Synpromics announces collaboration with UCL to develop revolutionary gene therapy for Parkinson’s Disease
Edinburgh, UK, 28th November 2017 / Sciad Newswire / Synpromics Ltd is pleased to announce a new collaboration with UCL to generate a range of synthetic gene promoters for the central nervous system (CNS), to develop a gene therapy for Parkinson’s disease.
The joint project will see the company develop novel gene promoters that specifically control the expression of therapeutic genes in different sub-populations of neurones. In the first instance, UCL will use these new gene switches to develop a gene therapy-based approach for the treatment of Young-Onset Parkinson’s disease.
Commenting on the collaboration, Dr Michael Roberts, Founder and Chief Scientific Officer of Synpromics stated: “Tightly controlling the therapeutic gene is an essential element in the development of any successful gene therapy and Synpromics’ technology offers the best means to achieve that control. This collaboration will allow the company to develop a gene therapy approach for a largely unmet clinical need, where tight gene control is an absolute requirement. It also gives us the opportunity to work with UCL, one of the few world-leading institutions actively developing novel gene-based therapies.”
The collaboration is expected to last over 24 months with work being split equally between the two partners.
“We are delighted to be working with the leaders in gene control, Synpromics Ltd, to develop gene therapy for Young-Onset Parkinson’s disease. Parkinson’s is the second most common untreatable progressive brain disease and novel therapeutic approaches are required. This collaboration allows us to develop tailor-made gene therapy vectors for untreatable brain disorders,” said Dr Simon Waddington (UCL Institute for Women’s Health).
Synpromics continues to drive forward with the development of its innovative approach to better control of gene function with this strategic move into CNS applications. This adds to the work already done in liver and muscle and the company’s proprietary inducible promoter platform. Synpromics works with leading clinicians focused on trying to develop cures for genetic diseases with significant unmet need, enabled by its innovative gene control technology, to improve human health.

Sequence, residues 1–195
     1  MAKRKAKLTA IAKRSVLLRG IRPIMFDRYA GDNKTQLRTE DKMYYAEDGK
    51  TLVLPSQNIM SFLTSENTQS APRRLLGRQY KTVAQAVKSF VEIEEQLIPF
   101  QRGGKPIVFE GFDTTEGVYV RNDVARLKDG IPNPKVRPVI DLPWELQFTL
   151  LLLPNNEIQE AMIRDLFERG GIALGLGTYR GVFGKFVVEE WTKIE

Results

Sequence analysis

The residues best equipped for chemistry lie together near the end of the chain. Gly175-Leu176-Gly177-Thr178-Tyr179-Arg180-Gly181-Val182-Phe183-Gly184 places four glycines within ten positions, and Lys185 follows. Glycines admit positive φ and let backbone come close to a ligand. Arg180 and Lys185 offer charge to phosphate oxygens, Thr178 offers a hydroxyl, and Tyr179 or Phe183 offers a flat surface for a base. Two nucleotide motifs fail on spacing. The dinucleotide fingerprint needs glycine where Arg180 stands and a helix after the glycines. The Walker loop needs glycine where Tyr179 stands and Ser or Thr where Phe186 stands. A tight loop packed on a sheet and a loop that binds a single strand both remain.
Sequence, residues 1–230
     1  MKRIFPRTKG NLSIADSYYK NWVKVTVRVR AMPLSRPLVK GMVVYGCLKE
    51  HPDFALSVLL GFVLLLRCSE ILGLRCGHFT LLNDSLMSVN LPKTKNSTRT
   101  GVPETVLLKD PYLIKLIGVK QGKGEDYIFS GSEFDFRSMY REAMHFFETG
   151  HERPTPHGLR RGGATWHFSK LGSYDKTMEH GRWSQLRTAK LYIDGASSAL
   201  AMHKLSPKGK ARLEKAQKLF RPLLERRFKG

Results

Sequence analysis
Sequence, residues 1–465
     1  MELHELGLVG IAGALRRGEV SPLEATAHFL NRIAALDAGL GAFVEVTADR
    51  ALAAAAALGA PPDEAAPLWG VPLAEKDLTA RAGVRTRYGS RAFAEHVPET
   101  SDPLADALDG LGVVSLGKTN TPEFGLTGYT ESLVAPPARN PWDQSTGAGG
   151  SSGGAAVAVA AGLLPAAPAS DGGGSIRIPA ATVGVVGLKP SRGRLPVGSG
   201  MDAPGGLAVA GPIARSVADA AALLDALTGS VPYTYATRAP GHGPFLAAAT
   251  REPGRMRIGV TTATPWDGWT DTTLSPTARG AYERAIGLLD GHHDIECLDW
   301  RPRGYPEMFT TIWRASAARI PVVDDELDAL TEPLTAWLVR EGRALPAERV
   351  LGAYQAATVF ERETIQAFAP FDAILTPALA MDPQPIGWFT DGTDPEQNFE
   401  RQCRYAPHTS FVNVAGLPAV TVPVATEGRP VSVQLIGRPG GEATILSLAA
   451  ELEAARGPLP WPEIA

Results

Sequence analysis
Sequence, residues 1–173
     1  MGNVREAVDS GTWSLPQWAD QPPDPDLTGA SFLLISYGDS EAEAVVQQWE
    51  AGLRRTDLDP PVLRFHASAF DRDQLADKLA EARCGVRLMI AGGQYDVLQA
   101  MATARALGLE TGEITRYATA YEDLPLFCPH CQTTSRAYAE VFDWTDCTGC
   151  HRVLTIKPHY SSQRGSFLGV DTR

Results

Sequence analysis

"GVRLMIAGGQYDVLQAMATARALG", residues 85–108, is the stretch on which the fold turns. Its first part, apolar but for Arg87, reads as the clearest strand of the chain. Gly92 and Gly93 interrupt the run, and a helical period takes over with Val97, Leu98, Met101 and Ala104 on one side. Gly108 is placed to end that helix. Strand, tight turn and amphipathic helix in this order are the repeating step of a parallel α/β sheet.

For further information, contact:
Deborah Cockerill / Emma Pickup
Sciad Communications Ltd
T: +44 (0)20 7470 8801
Notes to Editors
Synpromics is the leader in gene control, improving human health by enabling safer, more effective cell and gene medicines through proprietary genomics, bioinformatics and intelligent data-driven design. The company has developed PromPT®, its multi-dimensional bioinformatics database that enables product-specific promoter design and selection empowering the next generation of cell and gene based medicines and bioprocessing applications. The company operates in a diverse range of fields, including broad applications in cell and gene based medicine, biologics manufacturing and viral vector bioprocessing. Current partners include Adverum, uniQure, AGTC, GE Healthcare, Homology Medicines, Inc and Sartorius-Stedim Cellca as well as numerous undisclosed partners in the pharmaceutical sector.
About Synthetic Promoters
Promoters are the natural switches that control the expression of genes into proteins, and are responsible for decoding the genome. Naturally occurring promoters have evolved for biological functions but have limitations when utilised in industrial or therapeutic applications. Synthetic promoters with DNA sequences not found in nature are designed to better regulate gene activity and precisely control protein production. Synpromics creates highly specific promoters designed to drive gene expression at the desired level and specificity in any cell type, tissue or environmental condition. Each synthetic promoter represents a novel invention and thus can be patented. For more information visit www.synpromics.com
About UCL (University College London)
UCL was founded in 1826. We were the first English university established after Oxford and Cambridge, the first to open up university education to those previously excluded from it, and the first to provide systematic teaching of law, architecture and medicine. We are among the world’s top universities, as reflected by performance in a range of international rankings and tables. UCL currently has over 39,000 students from 150 countries and over 12,500 staff. Our annual income is more than £1 billion.
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